I had vastly underestimated the size of the city, thinking it would be similar to Rome. We quickly learned that it was much, much bigger. We didn’t accomplish nearly as much as we had hoped, but it was still a good time so I wasn’t upset by that. However, we wound up staying out much later than planned. This wouldn’t have been an issue if we had stayed in the city, but we were spending the night at my mom’s host family’s house which is in the suburbs outside Paris. The last train to the suburbs left at 12:50 and we only finished eating at 10:30. All of us were worried we wouldn’t make it. After frantically running through the metro we were able to catch the second to last train of the night.

These sorts of delays and unwanted surprises occur frequently when you're traveling. There is plenty you can do to avoid certain issues, but many of these situations are unavoidable no matter how much planning goes into it. All you can do is stay calm and be flexible. Strikes and bad weather are nothing to fret over and a delay in your travels may be disappointing but you shouldn’t let it ruin the rest of your trip. You can’t control everything when it comes to traveling, and that’s okay.

As for the things you can control, here is my advice:

  1. Your first few weeks abroad are the perfect time to do day trips because they require less planning than overnight trips. This will help you learn how to research and plan your trips.
  2. Always give yourself an hour or two more than you think you will need to get to and from your transportation in and out of the city you are visiting. It’s much better to spend an extra 30 minutes at the train station than to miss your train because you didn’t show up with enough time to check which platform you need to be at.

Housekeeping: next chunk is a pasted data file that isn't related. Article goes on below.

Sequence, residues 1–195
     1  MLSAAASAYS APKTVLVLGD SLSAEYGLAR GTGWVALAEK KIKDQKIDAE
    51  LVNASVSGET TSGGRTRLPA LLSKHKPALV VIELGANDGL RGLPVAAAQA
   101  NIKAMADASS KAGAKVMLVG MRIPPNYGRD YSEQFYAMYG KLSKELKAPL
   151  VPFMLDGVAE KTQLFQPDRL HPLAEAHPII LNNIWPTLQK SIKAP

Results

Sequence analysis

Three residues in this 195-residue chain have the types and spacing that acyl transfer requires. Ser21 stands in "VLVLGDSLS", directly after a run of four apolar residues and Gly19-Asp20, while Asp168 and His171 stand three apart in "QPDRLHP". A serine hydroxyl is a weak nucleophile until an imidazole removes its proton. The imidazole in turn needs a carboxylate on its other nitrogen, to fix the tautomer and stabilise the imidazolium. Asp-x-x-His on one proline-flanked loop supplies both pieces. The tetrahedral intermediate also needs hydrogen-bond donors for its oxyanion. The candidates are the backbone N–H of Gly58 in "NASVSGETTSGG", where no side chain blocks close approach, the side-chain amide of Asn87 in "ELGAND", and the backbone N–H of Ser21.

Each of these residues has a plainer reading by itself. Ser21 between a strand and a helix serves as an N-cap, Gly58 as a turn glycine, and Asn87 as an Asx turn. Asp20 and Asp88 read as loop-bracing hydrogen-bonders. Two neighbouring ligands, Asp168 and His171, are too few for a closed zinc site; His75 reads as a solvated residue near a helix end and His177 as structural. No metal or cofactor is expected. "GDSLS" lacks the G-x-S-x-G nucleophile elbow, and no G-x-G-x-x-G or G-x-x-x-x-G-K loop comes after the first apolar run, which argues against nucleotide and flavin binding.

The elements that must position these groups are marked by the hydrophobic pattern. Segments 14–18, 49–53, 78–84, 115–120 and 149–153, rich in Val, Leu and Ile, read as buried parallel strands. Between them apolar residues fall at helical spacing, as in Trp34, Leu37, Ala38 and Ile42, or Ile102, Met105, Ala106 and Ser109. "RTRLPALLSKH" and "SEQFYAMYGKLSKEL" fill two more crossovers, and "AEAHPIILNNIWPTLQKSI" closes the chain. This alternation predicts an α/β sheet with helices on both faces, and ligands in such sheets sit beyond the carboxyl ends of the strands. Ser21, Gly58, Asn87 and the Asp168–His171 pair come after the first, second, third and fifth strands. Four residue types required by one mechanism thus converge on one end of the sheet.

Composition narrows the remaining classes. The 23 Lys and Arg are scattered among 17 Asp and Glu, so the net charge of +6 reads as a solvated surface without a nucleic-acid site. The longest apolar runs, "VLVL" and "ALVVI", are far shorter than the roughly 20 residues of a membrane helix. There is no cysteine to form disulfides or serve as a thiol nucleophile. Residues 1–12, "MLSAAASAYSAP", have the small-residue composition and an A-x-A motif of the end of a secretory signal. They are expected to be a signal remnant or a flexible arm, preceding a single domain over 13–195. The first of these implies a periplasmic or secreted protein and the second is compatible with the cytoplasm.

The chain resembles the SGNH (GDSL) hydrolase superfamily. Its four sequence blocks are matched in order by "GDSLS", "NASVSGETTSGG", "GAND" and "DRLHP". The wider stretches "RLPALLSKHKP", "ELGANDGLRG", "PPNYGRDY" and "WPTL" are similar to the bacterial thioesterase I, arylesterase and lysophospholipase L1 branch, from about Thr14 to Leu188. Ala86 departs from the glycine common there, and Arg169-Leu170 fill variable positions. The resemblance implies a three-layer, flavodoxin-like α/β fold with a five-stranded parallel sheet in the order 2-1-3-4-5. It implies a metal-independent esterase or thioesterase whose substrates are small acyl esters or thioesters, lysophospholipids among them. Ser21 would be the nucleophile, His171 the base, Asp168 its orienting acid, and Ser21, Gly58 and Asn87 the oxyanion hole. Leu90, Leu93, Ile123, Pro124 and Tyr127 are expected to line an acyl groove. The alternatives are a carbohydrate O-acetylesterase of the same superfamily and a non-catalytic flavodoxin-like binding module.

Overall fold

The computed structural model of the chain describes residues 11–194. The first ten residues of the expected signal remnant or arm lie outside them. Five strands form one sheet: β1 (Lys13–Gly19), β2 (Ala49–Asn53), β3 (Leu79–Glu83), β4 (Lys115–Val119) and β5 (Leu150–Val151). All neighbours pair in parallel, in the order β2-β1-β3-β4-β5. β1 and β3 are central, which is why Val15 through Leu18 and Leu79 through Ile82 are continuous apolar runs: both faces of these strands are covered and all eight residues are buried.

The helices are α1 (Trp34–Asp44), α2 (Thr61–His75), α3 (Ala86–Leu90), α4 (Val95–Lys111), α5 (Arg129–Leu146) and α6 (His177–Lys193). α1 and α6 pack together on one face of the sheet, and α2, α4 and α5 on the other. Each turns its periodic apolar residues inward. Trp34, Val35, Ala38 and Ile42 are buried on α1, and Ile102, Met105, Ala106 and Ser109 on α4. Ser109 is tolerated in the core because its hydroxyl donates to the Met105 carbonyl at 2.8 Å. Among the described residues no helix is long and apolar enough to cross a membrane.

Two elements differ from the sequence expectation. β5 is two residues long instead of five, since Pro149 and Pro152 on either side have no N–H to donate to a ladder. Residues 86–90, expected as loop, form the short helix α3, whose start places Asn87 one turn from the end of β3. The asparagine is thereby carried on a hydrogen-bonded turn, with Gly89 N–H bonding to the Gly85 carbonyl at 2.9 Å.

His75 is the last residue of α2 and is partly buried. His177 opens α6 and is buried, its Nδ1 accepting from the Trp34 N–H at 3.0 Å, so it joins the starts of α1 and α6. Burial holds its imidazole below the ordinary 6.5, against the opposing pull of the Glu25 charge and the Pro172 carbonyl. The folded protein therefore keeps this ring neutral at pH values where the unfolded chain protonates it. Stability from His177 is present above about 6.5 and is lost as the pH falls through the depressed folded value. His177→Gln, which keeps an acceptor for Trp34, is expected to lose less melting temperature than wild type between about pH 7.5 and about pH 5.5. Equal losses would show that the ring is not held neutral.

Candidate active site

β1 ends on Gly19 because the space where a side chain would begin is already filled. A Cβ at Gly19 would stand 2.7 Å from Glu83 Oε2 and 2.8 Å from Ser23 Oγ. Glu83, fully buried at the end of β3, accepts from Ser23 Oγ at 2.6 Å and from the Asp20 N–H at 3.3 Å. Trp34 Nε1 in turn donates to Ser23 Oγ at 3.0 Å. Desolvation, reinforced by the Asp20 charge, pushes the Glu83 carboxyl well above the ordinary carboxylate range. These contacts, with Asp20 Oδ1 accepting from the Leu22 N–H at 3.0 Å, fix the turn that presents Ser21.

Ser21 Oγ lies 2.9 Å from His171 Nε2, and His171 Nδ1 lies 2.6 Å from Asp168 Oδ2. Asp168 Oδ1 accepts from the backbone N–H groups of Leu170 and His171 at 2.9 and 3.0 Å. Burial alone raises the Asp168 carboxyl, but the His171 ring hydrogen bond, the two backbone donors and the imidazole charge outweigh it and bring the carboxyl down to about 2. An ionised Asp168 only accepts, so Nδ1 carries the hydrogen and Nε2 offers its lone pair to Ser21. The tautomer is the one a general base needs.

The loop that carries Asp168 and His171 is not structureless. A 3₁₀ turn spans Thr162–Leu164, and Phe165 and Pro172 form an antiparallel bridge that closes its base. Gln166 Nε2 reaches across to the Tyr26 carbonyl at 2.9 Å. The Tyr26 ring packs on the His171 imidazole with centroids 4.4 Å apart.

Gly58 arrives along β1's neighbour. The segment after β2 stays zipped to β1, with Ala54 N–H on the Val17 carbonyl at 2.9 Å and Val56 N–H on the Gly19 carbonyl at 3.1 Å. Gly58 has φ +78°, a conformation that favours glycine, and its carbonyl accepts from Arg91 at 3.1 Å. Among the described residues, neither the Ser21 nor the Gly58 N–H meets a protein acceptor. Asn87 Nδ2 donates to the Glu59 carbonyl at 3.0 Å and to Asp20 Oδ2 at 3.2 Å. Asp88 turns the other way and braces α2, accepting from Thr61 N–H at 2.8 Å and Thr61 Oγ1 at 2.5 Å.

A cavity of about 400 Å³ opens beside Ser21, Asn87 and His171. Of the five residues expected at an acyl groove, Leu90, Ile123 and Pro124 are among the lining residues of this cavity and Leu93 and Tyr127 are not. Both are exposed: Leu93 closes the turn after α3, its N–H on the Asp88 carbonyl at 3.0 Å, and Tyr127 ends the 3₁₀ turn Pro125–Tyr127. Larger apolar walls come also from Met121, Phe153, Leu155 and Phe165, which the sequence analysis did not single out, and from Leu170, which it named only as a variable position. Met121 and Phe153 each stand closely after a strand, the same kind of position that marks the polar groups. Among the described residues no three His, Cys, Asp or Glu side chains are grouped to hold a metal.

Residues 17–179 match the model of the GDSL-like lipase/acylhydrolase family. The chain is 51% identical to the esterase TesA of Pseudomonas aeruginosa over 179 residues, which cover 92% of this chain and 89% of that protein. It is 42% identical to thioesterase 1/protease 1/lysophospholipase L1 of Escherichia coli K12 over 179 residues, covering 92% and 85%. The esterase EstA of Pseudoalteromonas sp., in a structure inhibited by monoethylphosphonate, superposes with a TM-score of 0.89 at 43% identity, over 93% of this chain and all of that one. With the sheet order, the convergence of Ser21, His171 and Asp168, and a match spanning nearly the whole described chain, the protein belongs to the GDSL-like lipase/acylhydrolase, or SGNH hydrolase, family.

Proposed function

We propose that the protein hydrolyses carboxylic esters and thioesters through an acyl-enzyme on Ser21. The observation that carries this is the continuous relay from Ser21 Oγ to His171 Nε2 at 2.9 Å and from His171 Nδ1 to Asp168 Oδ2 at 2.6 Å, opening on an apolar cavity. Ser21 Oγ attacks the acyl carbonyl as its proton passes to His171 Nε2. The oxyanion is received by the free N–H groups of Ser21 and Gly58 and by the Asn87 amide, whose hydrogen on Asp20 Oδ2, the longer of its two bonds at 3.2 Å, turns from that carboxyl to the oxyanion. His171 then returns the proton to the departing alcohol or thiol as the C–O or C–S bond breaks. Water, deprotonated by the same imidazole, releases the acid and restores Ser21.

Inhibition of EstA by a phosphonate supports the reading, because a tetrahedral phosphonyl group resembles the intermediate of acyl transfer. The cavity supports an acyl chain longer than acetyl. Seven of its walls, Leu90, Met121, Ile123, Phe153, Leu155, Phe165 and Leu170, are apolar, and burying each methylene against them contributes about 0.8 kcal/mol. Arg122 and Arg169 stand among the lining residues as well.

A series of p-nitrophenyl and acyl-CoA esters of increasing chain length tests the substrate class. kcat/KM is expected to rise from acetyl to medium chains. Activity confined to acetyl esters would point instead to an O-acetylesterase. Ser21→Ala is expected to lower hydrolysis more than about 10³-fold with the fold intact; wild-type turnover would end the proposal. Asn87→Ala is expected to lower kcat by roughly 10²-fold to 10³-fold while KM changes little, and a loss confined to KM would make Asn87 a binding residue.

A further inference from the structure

3. Get used to the different forms of transportation early on. There are pros and cons to every transportation option. Buses can be cheaper, but in Rome, the stop for buses leaving the city is very far from the city center. Trains can be faster, but you do have to be careful of delays and checking your platform. For those who have never taken a train before I would highly suggest trying to use one to get around the city before you go on your first big trip on one. This gives you a chance to get used to finding your platform and navigating a train station
  4. If you are going to choose the earliest train or flight to give yourself more time in a city or to save money, make sure you plan out how you will get to the station or airport before you book your tickets. You could find that to get to your 7:00 A.M. plane in time to get through security, you have to leave at 2:00 or 3:00 A.M. That will cost you significantly more money because none of the buses are running that late and you have to take a taxi. I know some people who opt to sleep at the airport so they don’t have to deal with trying to get to the airport that early in the morning.
  5. Make sure to check what public transportation is like in the city you are visiting before you leave. About a week before your departure date, check to see if they will be having any strikes or protests that might impact the transportation schedule. 

More Blogs From This Author

View All Blogs
Elsie McCabe headshot

Elsie McCabe

As an aspiring archaeologist, a bookworm, and a lover of thrifting, I couldn't be more excited to be going to Rome. Come with me to explore the city's vast history and find the best second-hand shops and cozy corners to curl up and read a good book.

2023 Fall
Home University:
University of Nebraska - Lincoln
Explore Blogs